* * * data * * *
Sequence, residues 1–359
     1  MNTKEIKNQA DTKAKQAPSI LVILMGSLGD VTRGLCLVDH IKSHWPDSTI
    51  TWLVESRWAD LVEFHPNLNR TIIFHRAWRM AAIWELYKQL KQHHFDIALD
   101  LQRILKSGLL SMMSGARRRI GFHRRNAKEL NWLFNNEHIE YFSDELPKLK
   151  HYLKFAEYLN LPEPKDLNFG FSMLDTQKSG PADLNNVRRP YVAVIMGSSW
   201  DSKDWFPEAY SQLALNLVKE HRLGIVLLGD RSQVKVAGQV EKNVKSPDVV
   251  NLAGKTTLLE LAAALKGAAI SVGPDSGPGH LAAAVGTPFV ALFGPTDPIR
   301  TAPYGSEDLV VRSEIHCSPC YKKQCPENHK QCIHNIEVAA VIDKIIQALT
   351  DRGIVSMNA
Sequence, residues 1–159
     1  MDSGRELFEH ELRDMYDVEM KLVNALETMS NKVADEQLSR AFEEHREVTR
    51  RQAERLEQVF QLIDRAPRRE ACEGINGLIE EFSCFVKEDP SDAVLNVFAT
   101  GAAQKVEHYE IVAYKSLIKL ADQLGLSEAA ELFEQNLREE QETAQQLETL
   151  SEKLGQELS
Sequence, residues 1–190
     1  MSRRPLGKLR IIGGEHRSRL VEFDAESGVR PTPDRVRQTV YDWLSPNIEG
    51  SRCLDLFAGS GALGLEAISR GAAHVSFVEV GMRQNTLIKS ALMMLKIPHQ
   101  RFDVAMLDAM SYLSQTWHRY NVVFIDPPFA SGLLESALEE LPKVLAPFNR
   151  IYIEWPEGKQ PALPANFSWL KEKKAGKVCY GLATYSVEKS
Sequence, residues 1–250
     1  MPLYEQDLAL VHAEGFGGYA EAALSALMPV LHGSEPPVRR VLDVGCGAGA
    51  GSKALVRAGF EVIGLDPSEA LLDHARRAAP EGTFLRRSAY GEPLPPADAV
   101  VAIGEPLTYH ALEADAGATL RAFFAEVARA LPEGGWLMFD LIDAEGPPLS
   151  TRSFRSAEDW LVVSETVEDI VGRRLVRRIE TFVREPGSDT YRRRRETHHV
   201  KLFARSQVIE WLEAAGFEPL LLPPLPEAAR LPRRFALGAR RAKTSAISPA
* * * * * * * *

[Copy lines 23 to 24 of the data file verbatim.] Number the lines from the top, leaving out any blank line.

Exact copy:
   101  VAIGEPLTYH ALEADAGATL RAFFAEVARA LPEGGWLMFD LIDAEGPPLS
   151  TRSFRSAEDW LVVSETVEDI VGRRLVRRIE TFVREPGSDT YRRRRETHHV